Alfie’s: What’s in a name?

It’s not the first time students have raised concerns about the campus pub’s name. But the man who named the popular student bar in 1979 says it honours a Queen’s legend

“We want to be aware of the full account of his experience and why the campus bar is named after him,” the Culture Shock chair says.
“We want to be aware of the full account of his experience and why the campus bar is named after him,” the Culture Shock chair says.
Photo courtesy of Queen's Archives

There are two ways to evaluate what Alfie Pierce meant to the University, said Allison Williams,

AM S social issues commissioner. “There’s the happy alumni story camp where Alfie was this happy-go-lucky guy and the University swooped in and saved him from a life of hardship,” Williams said.

“There’s the other camp where he lived in the boiler room with Boo Hoo the Bear.”

And according to Darcel Bullen, there’s a camp that doesn’t know anything about the man.

The ArtSci ’08 student and Culture Shock chair doesn’t want Pierce to be remembered as
a mascot.

“Queen’s is focused on the spirited side of Alfie’s,” Bullen said. “We want to be aware of the
full account of his experience and why the campus bar is named after him.”

Bullen organized an event last Thursday entitled “Free Alfie’s.”

About 150 people attended the event, which had a coffee house feel to it.

Naila Keleta Mae performed dub poetry, and whenever she mentioned Pierce, people applauded.

Culture Shock also sold pins that said “Free Alfie’s,” and “Respect Mr. Alfred Pierce.”

Bullen said she hopes to create dialogue about Pierce so students can learn about who he was.
Bullen presented her case to AMS Assembly and told the Journal she wants to expose the truth that’s
often denied to Pierce.

But what is the truth about Pierce? Is it possible to evaluate him through the same lens the University viewed him 25 or 50 years ago?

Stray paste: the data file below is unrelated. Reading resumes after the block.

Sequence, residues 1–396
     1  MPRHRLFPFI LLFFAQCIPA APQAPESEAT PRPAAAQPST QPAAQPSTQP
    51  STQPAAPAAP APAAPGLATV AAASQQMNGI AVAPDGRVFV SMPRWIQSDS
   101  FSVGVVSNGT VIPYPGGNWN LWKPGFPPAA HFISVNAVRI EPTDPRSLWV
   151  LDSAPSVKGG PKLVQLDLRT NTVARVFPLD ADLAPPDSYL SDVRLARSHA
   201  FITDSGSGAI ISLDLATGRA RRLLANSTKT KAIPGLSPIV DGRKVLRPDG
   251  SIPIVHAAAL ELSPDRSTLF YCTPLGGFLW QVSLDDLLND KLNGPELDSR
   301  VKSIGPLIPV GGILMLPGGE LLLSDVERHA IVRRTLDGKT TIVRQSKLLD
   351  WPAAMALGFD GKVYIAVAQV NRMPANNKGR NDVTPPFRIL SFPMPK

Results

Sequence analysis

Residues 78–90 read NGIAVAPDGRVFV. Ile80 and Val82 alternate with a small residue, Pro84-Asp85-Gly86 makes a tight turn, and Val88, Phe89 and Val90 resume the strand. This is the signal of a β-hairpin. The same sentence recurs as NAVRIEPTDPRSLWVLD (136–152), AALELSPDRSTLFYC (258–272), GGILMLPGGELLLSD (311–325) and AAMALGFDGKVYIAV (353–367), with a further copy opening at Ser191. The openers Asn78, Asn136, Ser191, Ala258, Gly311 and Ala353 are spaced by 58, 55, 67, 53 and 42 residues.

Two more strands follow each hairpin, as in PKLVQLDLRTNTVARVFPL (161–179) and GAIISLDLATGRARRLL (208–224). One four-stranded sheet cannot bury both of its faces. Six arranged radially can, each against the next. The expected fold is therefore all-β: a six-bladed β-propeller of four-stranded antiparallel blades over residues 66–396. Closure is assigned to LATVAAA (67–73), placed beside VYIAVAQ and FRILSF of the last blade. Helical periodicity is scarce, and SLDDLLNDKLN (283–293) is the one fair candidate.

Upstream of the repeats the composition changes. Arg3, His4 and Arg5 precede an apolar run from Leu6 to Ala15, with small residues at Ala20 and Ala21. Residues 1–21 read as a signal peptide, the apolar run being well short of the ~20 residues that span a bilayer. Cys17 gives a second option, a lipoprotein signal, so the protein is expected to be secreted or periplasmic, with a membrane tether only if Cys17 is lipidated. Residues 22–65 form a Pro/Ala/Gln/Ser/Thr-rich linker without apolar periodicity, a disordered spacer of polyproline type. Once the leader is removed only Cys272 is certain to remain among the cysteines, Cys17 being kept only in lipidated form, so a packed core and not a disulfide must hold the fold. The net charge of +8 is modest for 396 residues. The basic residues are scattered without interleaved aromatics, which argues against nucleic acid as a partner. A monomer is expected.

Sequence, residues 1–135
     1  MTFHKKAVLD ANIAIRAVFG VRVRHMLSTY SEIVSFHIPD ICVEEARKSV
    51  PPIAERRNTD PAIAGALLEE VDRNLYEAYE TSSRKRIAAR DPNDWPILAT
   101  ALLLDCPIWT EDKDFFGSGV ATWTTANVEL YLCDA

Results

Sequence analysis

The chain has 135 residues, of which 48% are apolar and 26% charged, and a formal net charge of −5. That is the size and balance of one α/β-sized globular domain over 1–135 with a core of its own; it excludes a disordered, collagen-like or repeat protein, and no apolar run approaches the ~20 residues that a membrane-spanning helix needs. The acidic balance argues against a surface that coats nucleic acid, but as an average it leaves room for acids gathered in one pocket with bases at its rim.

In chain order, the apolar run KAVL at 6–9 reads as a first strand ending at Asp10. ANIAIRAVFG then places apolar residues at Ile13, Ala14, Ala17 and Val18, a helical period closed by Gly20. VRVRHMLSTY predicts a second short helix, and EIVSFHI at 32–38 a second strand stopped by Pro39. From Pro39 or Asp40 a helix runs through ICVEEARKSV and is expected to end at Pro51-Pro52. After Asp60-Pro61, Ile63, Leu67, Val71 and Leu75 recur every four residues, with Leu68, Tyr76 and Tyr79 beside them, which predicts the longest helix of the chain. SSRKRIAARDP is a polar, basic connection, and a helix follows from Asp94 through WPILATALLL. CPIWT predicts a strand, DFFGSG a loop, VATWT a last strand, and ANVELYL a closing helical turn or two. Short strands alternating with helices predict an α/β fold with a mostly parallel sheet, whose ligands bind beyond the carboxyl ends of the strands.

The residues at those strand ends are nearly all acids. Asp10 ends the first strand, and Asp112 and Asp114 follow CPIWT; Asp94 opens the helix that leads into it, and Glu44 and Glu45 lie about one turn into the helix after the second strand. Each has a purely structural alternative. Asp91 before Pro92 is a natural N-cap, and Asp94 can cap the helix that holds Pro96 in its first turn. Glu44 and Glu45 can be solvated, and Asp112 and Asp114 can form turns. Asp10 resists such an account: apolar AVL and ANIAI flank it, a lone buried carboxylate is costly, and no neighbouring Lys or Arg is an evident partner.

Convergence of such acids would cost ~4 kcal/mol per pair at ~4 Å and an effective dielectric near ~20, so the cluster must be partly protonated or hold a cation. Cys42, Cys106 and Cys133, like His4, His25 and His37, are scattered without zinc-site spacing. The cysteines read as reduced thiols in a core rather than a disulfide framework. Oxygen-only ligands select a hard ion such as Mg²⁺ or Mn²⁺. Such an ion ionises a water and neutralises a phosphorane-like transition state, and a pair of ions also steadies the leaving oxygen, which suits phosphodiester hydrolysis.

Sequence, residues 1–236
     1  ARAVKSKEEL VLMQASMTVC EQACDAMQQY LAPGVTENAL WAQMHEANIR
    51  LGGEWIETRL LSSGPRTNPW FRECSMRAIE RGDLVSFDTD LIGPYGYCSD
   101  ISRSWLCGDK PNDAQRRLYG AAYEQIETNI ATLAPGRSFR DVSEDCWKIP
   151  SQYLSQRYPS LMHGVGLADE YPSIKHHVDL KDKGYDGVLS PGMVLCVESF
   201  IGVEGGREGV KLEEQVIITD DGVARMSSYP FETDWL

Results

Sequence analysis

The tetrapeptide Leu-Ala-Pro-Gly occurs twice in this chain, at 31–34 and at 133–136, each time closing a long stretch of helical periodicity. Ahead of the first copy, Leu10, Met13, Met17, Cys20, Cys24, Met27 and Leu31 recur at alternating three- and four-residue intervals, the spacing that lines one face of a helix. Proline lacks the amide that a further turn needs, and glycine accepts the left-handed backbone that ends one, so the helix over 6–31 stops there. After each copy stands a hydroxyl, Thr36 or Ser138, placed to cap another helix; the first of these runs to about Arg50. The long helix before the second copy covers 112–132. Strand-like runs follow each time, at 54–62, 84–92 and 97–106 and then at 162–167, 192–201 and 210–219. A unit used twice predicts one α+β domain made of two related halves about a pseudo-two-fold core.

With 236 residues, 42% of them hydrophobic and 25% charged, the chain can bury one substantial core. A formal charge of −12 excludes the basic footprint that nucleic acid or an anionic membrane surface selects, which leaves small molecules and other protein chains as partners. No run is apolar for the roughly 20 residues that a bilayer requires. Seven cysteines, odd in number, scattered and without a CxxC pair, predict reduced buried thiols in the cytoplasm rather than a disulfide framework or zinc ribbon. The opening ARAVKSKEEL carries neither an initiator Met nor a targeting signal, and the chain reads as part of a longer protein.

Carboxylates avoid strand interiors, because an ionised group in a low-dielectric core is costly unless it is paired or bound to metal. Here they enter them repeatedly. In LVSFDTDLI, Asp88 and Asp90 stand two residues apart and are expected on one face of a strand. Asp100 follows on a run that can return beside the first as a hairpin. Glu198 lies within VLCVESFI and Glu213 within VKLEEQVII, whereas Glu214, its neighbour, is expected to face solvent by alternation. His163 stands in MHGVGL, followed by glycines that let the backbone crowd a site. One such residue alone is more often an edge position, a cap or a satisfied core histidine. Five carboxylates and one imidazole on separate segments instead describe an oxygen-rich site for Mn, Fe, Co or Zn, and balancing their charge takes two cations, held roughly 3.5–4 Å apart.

Williams said she wants to hear how students feel about the issue, and whether a plaque hanging
outside the bar is an effective way to honour Pierce.

“We’re in an interesting place,” she said. “Because first of all, Alfred Pierce was treated in a way that was racist and discriminatory and ageist and completely inappropriate, but at the same time you don’t want to lose that story.”

* * *

If you haven’t heard the story before, it goes something like this: According to Herb Hamilton’s
Queen’s Queen’s Queen’s, Alfie Pierce was the son of a runaway American slave who settled in
Kingston. He was born in 1874 and orphaned at 12. Pierce grew up playing sports and frequented Queen’s playing fields. When he was 15, Queen’s football captain Guy Curtis allowed Pierce to join the team.

The Queen’s Encyclopedia says Curtis named him, “with the thoughtless bigotry typical of the
day,” as the team’s mascot. From that point, Pierce turned into a legend of sorts.

He became the football and hockey teams’ trainer, assistant coach and masseuse. Because
he slept under the bleachers at Richardson Stadium—still on Union Street’s south side at the
time—he became its unofficial security guard.

During the winter, Pierce would live in Jock Harty’s boiler room, accompanied by Boo Hoo the Bear.
In 1994, Queen’s student Amina Ally wrote an article in Wahenga, a publication detailing the black
experience in Canada. Ally wrote that Jock Harty’s arena manager, Dutch Dougal called Pierce a